We are all trying our best to increase engagement via distance learning. I recently went to a conference on Teaching Distance Learning and listened to an amazing presenter Emma Pass. Emma shared some engaging strategies that I literally used the next day in my classroom and some I modified and made my own.
Strategy 1: Set Clear Rules and Maintain them
Your students need to have a clear understanding of your expectations during remote lessons to increase engagement. Set clear rules for behavior and participation will need to be translated into the distance learning format.
- Prepare students with a plan B. This is so important- Always have a backup or filled lesson. I had a guest speaker on Thursday and they didn’t show up during my live zoom. Luckily, I already planned my lesson for Monday so I used that lesson and then modified my plan book.
- Set expectations for participation. You need to set clear expectations and keep track of who is answering and asking questions. I also always build in time for group work or collaboration via drive or breakout rooms.
- Set rules for using tech features. You should use the communication features available: video, mic, chatbox, emojis, reactions, and tools. Don’t be afraid to mute students or set the rule that they should be muted unless they want to speak. I also don’t allow participants to private chat with other participants (check this feature!).
- Use a classroom management system. I think it is critical to have a classroom management system during virtual lessons. Whatever your management system is in class, come up with a digital version of it. I use Google Classroom to keep students focused and organized.
Strategy 2: Use a Second Device to increase engagement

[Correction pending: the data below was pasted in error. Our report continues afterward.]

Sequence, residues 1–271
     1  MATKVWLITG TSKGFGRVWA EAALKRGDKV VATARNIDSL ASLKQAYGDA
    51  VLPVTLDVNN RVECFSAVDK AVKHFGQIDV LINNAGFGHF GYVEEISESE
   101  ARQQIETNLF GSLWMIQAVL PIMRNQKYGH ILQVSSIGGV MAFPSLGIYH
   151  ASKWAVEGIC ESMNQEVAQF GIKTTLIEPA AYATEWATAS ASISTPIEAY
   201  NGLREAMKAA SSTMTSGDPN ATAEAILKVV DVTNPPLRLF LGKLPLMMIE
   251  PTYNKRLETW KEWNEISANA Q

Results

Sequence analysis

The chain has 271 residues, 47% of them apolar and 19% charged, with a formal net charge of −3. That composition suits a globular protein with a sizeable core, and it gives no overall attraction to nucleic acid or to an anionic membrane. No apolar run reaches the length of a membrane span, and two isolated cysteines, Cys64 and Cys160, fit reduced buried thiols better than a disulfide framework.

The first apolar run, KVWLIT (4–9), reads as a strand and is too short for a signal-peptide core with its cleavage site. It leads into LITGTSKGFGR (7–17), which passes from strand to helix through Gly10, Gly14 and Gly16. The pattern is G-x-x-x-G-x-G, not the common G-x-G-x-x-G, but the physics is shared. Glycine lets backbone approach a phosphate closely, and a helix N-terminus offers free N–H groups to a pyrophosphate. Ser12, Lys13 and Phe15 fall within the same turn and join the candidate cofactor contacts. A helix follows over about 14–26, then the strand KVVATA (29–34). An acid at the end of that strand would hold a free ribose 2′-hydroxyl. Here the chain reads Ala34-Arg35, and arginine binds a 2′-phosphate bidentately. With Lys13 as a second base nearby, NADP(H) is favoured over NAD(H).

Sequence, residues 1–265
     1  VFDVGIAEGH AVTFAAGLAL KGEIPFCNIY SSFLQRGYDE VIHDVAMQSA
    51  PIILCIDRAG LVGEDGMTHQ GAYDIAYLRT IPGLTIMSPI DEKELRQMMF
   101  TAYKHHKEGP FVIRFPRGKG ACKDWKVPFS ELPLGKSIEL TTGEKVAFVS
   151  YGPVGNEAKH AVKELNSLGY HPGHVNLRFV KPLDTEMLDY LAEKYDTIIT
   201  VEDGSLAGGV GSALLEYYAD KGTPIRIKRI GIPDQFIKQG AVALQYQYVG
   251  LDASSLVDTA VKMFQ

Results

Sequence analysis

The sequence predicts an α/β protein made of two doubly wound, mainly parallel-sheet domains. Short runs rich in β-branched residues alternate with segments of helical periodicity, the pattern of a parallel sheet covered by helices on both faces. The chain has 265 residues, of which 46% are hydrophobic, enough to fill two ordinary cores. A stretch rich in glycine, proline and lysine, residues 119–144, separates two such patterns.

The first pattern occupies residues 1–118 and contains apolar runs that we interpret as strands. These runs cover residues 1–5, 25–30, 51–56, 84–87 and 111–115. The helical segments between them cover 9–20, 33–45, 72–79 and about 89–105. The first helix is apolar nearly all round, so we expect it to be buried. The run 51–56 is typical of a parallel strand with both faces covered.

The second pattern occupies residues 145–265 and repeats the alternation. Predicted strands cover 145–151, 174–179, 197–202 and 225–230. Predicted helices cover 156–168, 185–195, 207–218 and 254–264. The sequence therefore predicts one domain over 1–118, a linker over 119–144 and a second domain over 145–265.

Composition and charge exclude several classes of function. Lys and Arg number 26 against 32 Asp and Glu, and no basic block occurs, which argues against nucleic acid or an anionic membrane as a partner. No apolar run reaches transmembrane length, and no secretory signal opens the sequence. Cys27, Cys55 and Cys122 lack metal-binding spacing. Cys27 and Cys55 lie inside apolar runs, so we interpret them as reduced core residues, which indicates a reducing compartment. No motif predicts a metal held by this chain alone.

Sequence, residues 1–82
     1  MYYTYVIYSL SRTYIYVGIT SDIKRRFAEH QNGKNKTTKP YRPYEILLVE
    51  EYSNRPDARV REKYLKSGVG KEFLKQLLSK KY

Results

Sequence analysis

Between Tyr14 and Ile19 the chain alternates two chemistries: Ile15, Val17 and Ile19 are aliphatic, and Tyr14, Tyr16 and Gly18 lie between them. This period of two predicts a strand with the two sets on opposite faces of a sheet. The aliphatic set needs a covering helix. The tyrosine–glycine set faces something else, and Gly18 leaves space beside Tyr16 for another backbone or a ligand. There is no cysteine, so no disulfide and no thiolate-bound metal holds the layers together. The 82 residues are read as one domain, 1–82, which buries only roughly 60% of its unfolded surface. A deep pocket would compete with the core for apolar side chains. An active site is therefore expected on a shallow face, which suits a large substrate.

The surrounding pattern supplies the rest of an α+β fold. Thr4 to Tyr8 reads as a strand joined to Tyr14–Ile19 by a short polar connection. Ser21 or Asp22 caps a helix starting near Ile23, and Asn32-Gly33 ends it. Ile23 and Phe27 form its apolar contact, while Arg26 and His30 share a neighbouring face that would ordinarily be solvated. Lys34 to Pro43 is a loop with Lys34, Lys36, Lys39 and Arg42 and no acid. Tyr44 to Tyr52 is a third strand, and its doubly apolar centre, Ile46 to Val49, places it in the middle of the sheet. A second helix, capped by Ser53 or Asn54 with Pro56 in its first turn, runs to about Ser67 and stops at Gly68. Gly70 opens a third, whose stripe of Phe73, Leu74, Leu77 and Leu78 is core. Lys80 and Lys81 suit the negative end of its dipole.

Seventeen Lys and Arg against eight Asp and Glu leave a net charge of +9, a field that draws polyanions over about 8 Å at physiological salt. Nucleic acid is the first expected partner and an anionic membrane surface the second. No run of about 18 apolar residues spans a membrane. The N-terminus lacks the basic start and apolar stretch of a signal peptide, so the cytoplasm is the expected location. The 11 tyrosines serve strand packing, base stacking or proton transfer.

I was already using a second device monitor when I taught at home but I wasn’t doing it at school. Once I started using it at school I was instantly able to increase engagement in the classroom and activity monitor my remote students.
Strategy 3: Use the chat to increase engagement
I have no idea why I wasn’t using the chat feature more. I used to just use it for student questions and private comments but when I started to build it into my lessons I found my students were way more engaged in the lesson. For example, if I was teaching a concept I would ask a question and then have them respond in the chat. They would all write their responses and I would then call on a few students to share their responses out loud. This is a wonderful strategy if you are looking to increase engagement in the classroom. It forced my students to all participate, even the camera off kids, and it allowed me to check for understanding and engagement.
Strategy 4: Use Jamboard to get students collaborating
Jamboard allows you to visualize your ideas in a new and collaborative way to increase engagement. You can work with a team, sketch ideas into a whiteboard style presentation that creates an interactive canvas. You can drop images, add notes, and pull assets directly from the web while collaborating with team members from anywhere.
I’ve creates a would you rather, agree/disagree template, thought reflection templates, and tons of other collabrative spaces for my class.
Strategy 5: More Ways to Increase student engagement
This year I am making a conscious effort to increase student engagement online. Last year, I barely used the chat feature of zoom except if students had questions. This year I am building in social, emotional, and academic participation into my lessons by purposely using the chat as an asset in my classroom.
For example, I had students respond to ice breakers such as a shovel or plow when we had a large snowstorm or coffee or tea as a way to get them engaged in a fun way. Incorporate gifs into your lessons such as mindful minutes.
Ask content related questions as students discuss articles in a socratic circle, questions as they watch a video, or respond to prompts anytime I would normally do a think pair share in a normal classroom setting.
I have seen a huge increase in student engagement since I started doing this. Kids who won’t turn their cameras on are participating and engaged. They even answer each other’s questions. My only regret is that I wish I did it last year.